The average value of a home in one of the UK's major cities is approximately seven per cent higher than those found outside urban areas, new research published by Halifax has shown. As a result, such real estate assets are typically GBP 14,462 more expensive than those in county locations. The top ten cities that command the highest premiums can be found in the south of England, with Westminster recording the greatest average home price at GBP 570,964.
Halifax also noted that properties based in cities have withstood the economic downturn better than their rural counterparts, shedding an average of 17 per cent of their value between 2007 and 2009, compared to the national average fall of 24 per cent in the same period. Housing economist at the financial institution Suren Thiru commented: "City house prices are generally supported by demand from those looking to gain from the economic and lifestyle benefits often associated with residing in major urban areas."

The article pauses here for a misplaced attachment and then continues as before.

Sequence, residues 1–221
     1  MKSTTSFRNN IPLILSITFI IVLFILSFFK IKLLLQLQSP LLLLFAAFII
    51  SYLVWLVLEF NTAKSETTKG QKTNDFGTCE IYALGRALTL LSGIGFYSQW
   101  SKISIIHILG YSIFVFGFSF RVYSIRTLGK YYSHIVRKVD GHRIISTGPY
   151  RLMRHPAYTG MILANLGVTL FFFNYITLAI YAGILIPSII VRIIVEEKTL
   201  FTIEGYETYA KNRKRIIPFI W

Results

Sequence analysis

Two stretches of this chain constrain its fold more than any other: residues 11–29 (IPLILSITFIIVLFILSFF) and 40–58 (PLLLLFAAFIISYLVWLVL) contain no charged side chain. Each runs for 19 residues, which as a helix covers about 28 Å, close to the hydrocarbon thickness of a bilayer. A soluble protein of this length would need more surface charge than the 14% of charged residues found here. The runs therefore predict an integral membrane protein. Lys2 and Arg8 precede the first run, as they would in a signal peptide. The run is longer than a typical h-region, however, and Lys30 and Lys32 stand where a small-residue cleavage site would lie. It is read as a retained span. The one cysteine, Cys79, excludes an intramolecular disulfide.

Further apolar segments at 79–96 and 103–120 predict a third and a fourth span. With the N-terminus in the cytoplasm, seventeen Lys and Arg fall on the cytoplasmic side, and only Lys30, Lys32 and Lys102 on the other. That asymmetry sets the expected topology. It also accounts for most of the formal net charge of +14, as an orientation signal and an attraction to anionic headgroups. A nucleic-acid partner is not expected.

Investors are already targeting metropolitan regions, particularly London, according to Liam Bailey, head of residential research at Knight Frank. Last week he noted that price rises in the capital have not affected demand from foreign buyers, with many international investors viewing the city as a safe haven during difficult economic times.
- Tuesday 04 October 2011